Skip Navigation LinksWhat-to-do-during-an-Earthquake

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If you are indoors during an earthquake:

  • DROP to the ground, take COVER by getting under a sturdy table or other piece of furniture, and HOLD ON until the shaking stops. If there isn't a table or desk near you, cover your face and head with your arms and crouch in a doorway or an inside corner of the building.
  • Stay away from glass, windows, outside doors and walls, and anything that could shatter or fall on you, such as lighting fixtures or furniture.
  • If you are in bed, stay there and protect your head with a pillow, unless you are under a heavy light fixture that could fall. In that case, move to the nearest safe place.
  • Do not use a doorway unless you know it is a strongly supported, load-bearing doorway. Many inside doorways are lightly constructed and do not offer protection.
  • Do not leave a building during the shaking. Stay inside until the shaking stops and it is safe to go outside. Most injuries occur when people inside buildings attempt to leave/get outside.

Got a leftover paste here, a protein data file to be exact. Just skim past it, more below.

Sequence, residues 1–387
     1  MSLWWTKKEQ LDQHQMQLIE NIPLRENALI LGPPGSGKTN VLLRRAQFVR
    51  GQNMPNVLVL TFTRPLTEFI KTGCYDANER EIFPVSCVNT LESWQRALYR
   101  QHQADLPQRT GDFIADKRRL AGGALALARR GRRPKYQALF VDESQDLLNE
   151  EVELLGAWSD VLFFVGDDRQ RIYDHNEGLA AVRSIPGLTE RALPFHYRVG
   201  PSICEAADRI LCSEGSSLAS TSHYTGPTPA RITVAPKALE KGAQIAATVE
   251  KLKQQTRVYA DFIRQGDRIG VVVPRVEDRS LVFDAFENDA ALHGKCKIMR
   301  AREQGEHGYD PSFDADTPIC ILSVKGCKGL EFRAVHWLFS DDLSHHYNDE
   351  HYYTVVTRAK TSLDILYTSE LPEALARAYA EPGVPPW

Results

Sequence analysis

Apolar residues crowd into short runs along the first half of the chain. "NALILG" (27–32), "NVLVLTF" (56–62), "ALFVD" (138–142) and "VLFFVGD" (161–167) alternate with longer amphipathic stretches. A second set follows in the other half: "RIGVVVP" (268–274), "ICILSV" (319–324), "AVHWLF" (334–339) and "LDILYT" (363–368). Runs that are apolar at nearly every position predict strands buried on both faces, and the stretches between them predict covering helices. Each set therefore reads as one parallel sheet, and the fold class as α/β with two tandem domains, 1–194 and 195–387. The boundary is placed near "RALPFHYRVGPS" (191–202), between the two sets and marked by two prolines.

• DO NOT use the elevators – if the electricity goes out you could be trapped.
  • Be aware that the electricity may go out or the sprinkler systems or fire alarms may turn on.

If you are outdoors during an earthquake:

  • Stay outside and move away from buildings. The greatest danger exists directly outside buildings, at exits and alongside exterior walls.
  • Stay away from streetlights and utility wires.
  • Once in the open, lay flat on the ground and stay there until the shaking stops.

If you are driving:

  • Stop as quickly as safety permits and stay in the vehicle. Avoid stopping near or under buildings, trees, overpasses, and utility wires.
  • Proceed cautiously once the earthquake has stopped. Avoid roads, bridges, or ramps that might have been damaged by the earthquake.

If you are trapped under debris:

  • Do not light a match.
  • Do not move around or kick up dust.
  • Cover your mouth with a handkerchief or clothing.
  • Tap on a pipe or wall so rescuers can locate you. Use a whistle if one is available. Shout only as a last resort. Shouting can cause you to inhale dangerous amounts of dust.
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